Galileo’s Middle Finger: Heretics, Activists and the Search for Justice in Science
by Alice Dreger
This is a troubling book in many ways. It made me punch the air triumphantly and it made me angry. I was impressed by Dreger and I was annoyed by her. I think it’s an important part of the story of how science and activism interact, but it’s not the whole story.
Dreger is a science historian who got involved in intersex activism after studying the history of how intersex conditions were treated medically. She was able to occupy a middle ground between intersex people and medics, and use that position to investigate the current situation (in the 1990s and 2000s) and campaign for evidence-based change to treatment.
“Science and social justice require each other to be healthy, and both are critically important to human freedom. Without a just system, you cannot be free to do science, including science designed to better understand human identity; without science, and especially scientific understandings of human behaviours, you cannot know how to create a sustainably just system…The pursuit of evidence is probably the most pressing moral imperative of our time [but] we’ve built up a system in which scientists and social justice advocates are fighting in ways that poison the soil on which both depend.”
Continue reading “The pursuit of evidence is the most pressing moral imperative of our time”
A Little Life
by Hanya Yanagihara
This book has consumed my life for a month. It is often sad, upsetting, shocking even, but I still wanted to dive back in as soon as I could whenever life dragged me away from it.
This is a big book, and it takes a while for its main themes to become apparent. Although I knew quite a bit before I started reading, I’m going to avoid spoilers here.
We open with four men in New York, good friends since college, now in their late 20s and trying to put their stamp on the world. Willem is an actor, making most of his money waiting tables at a high-end restaurant. JB is an artist, trying to find his subject. Malcolm is an architect, working long hours, dreaming of the day when he will have his own projects. And Jude is a lawyer at the public prosecutor’s office, not really making enough money to live in Manhattan.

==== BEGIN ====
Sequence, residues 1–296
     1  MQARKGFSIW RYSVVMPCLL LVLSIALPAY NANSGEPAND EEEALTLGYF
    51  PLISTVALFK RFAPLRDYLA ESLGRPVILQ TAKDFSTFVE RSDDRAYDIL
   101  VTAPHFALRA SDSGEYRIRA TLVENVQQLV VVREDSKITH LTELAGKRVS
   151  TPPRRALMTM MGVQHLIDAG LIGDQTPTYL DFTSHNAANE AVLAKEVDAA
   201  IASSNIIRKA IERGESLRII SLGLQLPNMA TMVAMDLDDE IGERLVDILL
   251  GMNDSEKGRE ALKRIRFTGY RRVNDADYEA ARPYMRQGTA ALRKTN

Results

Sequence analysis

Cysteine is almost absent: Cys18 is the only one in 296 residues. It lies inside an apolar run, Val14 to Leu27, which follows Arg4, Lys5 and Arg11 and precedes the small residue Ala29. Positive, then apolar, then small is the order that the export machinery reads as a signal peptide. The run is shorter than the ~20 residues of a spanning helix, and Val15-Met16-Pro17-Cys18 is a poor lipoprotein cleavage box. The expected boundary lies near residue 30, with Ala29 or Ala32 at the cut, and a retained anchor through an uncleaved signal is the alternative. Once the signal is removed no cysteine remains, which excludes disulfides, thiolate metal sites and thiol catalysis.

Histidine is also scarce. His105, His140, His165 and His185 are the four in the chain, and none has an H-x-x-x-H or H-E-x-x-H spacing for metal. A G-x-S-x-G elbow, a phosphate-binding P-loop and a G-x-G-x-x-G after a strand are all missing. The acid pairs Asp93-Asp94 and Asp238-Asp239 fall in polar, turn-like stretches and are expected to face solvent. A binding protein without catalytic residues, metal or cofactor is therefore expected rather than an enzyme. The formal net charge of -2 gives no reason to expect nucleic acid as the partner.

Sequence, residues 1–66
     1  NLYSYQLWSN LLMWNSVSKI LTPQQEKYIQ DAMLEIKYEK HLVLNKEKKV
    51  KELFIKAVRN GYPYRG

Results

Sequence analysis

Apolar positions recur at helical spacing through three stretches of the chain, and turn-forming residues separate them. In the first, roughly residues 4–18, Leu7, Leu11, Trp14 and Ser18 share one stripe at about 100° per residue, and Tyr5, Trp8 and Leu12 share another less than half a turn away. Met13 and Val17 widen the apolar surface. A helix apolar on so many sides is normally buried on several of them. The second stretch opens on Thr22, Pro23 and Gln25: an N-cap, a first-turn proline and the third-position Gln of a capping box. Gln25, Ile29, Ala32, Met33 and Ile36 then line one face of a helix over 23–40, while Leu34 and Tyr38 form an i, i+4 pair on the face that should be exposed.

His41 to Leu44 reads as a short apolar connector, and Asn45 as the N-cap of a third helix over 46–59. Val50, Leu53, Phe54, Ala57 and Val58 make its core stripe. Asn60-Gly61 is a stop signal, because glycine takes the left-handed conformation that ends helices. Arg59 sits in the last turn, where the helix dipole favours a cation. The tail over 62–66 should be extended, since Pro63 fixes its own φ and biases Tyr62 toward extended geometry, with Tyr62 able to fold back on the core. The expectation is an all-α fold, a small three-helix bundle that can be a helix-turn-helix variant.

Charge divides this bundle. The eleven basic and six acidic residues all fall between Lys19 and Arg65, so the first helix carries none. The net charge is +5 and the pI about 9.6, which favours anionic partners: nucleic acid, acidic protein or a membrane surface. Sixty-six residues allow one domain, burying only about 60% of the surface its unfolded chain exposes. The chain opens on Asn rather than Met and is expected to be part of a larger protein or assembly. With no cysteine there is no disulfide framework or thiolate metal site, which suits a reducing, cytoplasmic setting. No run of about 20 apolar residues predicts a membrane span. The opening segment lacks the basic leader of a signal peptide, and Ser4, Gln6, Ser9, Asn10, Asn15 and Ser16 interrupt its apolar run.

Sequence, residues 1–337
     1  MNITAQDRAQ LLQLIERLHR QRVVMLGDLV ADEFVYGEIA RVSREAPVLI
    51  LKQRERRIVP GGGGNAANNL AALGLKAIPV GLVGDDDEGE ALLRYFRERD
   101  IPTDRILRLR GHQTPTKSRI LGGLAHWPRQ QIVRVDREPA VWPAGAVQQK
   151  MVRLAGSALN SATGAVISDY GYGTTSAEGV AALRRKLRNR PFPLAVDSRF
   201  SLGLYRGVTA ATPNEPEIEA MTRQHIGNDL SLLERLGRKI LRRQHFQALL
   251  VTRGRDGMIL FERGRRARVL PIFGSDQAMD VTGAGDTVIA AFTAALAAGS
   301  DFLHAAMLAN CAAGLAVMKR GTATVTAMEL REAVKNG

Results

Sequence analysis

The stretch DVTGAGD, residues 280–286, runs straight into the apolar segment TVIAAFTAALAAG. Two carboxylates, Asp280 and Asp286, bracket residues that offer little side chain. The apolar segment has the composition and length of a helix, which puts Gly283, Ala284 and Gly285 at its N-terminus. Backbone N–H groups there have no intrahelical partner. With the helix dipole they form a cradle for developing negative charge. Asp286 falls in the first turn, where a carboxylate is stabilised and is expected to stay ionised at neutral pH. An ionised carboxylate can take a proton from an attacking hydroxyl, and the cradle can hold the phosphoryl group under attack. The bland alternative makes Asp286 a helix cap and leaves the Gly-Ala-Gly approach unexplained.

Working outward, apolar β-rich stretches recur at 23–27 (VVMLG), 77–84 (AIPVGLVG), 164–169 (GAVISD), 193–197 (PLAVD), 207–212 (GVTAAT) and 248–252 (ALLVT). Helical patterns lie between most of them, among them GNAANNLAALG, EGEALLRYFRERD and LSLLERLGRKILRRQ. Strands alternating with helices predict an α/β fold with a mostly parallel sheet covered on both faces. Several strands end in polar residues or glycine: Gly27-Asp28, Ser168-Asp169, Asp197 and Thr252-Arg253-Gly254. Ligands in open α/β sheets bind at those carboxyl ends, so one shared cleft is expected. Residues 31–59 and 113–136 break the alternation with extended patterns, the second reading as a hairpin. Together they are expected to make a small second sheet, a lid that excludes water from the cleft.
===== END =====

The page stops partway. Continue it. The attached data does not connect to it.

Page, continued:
Continue reading “The pressure to achieve happiness felt almost oppressive”
Lies We Tell Ourselves
by Robin Talley
When this book was chosen by my book group I was worried it would be a tough read due to the subject matter. But it turned out, the problem I had was with the narrators’ tone and voice.
That’s not to say the subject matter isn’t tough, but I was reading this at the same time as dipping in and out of Invisible Man by Ralph Ellison, and by comparison, well, it shows that Talley’s book is intended for a young adult audience.
It’s 1959 and some school districts in Virginia are holding out against integration. Sarah is one of 10 black pupils who were specially chosen to attend the white-only Jefferson High School after years of court battles. No-one at Jefferson wants them there and more than that, they don’t understand why the black students would want to come to their school.
“I wipe the tears away and stare at my reflection until my face smooths out and my eyes go empty.
This is how they have to see me. If they know I feel things, they’ll only try to make me feel worse.
Maybe if I keep trying, I really won’t feel anything.”
Continue reading “Maybe if I keep trying, I really won’t feel anything”
During Trump’s first nine days in office I have been constantly thinking about civil rights, women’s rights…human rights, basically, and how they are being threatened and outright denied. As well as doing practical things to help – donating to refugee charities and subscribing to newspapers that I feel are doing vitally necessary journalism – I also wanted to base my reading around these subjects. And then I heard there was already a BookTube project to do just that.
#Diverseathon runs from 22 January to the end of today and is co-hosted by Simon Savidge, Monica Watson, Christina Marie and Joce. The primary aim is to encourage everyone to read more diversely, but there are some more specific goals. There was a group read of The Underground Railroad by Colson Whitehead, which I didn’t join, but I’ve thought the book sounded fascinating since I first heard about it on the Slate Represent podcast.
Continue reading “Sunday Salon: #Diverseathon”